Watch. Listen. Learn. To create criminal legal reform networks, the Deason Center offers educational programs that build connections between students, stakeholders, researchers, policymakers, and impacted communities. The Center's programming includes free seminars, lectures, roundtables, and conferences.


Upcoming Events



Past Events

Diversifying the Pipeline in STAR (Small, Tribal, and Rural) Criminal Legal Deserts

Date: September 29, 2022

Our panel discusses strategies for recruiting diverse criminal legal practitioners to work in rural—and minoritized rural—criminal legal systems.

Special Policy & Advocacy Event: Solving the Initial Appearance Crisis

Date: September 15, 2022

Across the country, people are arrested and held behind bars for days, weeks — and sometimes months — before their initial appearance in court. These delays increase pretrial detention and postpone the appointment of counsel.

Our panel of experts review the Deason Center's pathbreaking initial appearance report cards and discuss the Center's campaign to solve the initial appearance crisis.

Breaking the Backbone of Unlimited Power

Date: September 8, 2022

Professor Zamir Ben-Dan, presents a follow-up to his article, Breaking the Backbone of Unlimited Power: The Case for Abolishing Absolute Immunity for Prosecutors in Civil Rights Lawsuits.

Professor Ben-Dan discusses whether prosecutors should have either qualified immunity or personal liability for prosecutorial misconduct. He will also suggest relevant standards of proof.

Registrants will be provided with a copy of the paper. 

Professor Zamir Ben-Dan is an Assistant Professor at the Temple University Beasley School of Law.

Zamir Ben-Dan joined the Temple Law faculty in the Fall of 2022. His research interests and emerging scholarship lie in the intersections of criminal law, race and the law, and American history.

Post-Pandemic Realities in STAR Jails

Date: July 21, 2022

Though bail reform advocates have long pressed for policies to help reduce lengthy pre-trial detentions, it was, arguably, responses to the COVID-19 pandemic that finally moved the needle on jail reform policies.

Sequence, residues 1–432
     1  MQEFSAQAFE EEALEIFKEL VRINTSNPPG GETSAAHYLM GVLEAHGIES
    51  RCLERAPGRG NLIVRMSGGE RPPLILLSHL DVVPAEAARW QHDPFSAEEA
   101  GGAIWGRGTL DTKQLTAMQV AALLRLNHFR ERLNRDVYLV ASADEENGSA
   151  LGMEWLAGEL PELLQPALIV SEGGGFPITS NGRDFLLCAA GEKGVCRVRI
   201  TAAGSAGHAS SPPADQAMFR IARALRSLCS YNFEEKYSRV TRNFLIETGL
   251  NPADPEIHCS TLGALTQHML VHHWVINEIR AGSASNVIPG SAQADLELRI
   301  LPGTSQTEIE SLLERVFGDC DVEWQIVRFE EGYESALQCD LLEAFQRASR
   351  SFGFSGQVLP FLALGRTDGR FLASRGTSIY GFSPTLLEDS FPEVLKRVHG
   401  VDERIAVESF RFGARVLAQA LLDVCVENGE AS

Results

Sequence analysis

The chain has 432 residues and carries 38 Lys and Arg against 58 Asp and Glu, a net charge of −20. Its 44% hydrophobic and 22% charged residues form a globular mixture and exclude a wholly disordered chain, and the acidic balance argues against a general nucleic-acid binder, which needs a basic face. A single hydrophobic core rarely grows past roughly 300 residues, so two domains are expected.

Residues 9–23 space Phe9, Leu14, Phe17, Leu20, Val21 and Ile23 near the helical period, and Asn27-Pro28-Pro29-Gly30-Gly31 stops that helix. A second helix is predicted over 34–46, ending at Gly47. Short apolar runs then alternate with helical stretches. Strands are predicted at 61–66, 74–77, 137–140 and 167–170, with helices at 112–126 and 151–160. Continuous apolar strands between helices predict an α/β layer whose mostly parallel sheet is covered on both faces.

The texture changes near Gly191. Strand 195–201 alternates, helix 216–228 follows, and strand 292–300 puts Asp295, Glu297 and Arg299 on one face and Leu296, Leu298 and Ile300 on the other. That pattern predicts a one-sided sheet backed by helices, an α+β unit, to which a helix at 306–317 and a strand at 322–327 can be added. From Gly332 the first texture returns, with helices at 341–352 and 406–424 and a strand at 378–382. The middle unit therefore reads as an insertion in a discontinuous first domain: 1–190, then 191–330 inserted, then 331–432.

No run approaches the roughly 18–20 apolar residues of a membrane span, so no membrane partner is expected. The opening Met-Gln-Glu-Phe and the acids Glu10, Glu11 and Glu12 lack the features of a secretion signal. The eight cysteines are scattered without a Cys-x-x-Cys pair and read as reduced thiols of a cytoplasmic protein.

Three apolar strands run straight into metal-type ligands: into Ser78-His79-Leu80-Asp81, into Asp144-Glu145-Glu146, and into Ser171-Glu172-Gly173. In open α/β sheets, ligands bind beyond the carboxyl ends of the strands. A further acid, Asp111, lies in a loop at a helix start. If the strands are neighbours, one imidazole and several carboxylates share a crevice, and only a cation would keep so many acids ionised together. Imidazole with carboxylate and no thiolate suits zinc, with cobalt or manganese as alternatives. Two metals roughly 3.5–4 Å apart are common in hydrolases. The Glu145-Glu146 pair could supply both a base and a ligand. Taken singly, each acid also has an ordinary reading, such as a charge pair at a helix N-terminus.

With local jails becoming virus transmission hotspots, jail administrators and sheriffs across the nation had to make real-time decisions to limit pre-trial detention rates and reduce jail populations to curb transmission.  Many employed innovative reforms to address public health and safety concerns among pre-trial detainees and people in their communities.

Our expert panel will discuss jail administration policies and reforms implemented during the pandemic and the implications of maintaining these reforms in a post-pandemic future.

Unexceptional Protest

Date: July 14, 2022

Anti-protest legislation is billed as applying only in the extreme circumstances of large-scale civil disobedience. But these laws have alarming consequences that extend beyond mass protests. 


While existing critiques of anti-protest laws emphasize the chilling effects on protestor speech, those analyses mask the threat of these laws outside of mass protests. In fact, anti-protest laws have an impact on every day public order and the criminal regulation of Black, Latinx, and other targeted communities. 


Prof. Amber A. Baylor’s article examines the construction of mass protest law exceptionalism and advocates for better understanding the burdens and consequences borne by already vulnerable communities.

Conflicts of Interest and Judicial Ethics in Rural Criminal Law

Date: April 28, 2022

The Deason Criminal Justice Reform Center presents our STAR (Small, Tribal, and Rural) Justice Series. 

Professor Pamela Metzger leads a panel discussion of the judicial conflicts of interests that arise for judges presiding over criminal cases in small towns and rural areas. Panelists will identify issues that arise for judges and practitioners in criminal proceedings in STAR communities and explore approaches to addressing them.

The Appearance of Unfairness: Litigating Race in Criminal Trials

Date: March 10, 2022

Following the national reckoning and subsequent backlash concerning racial equity, and in the wake of the highly publicized Rittenhouse and McMichaels' trials, please join us and Attorney Johanna Jennings as she discusses the legal issues and implications for future legal proceedings arising out of the racialized rhetoric utilized in both trials and others like them.

Johanna Jennings is the Founder and Executive Director of The Decarceration Project, a nonprofit dedicated to mitigating the decades-long trend of inequitable and inhumane mass incarceration. In that role, she engages in projects to alleviate systemic racial inequity, represents individuals directly in strategic litigation, and advocates for policies to reduce mass incarceration.

Pretrial Justice in Out-of-the-way Places

Date: March 03, 2022

Professor Jordan Gross and Dr. Laura Kirsch supervise the Rural Justice Initiative (RJI) at the University of Montana. In Fall 2021, in collaboration with the Montana Court Administrator’s Office, RJI surveyed Montana judges about their bail and pretrial decision-making practices and procedures. Follow-up interviews will explore the unique challenges and opportunities that rural communities face in the administration of pretrial justice and the implementation of bail reform initiatives.

Access to Justice for People of Color in STAR Spaces

Date: February 24, 2022

Professor Maybell Romero leads a panel discussion about the experiences of Black, Native, Latinx, Asian, and other people of color in small, tribal, and rural (STAR) criminal legal systmes. Panelists address the issues that confront justice-involved people in rural and small-town communities of color.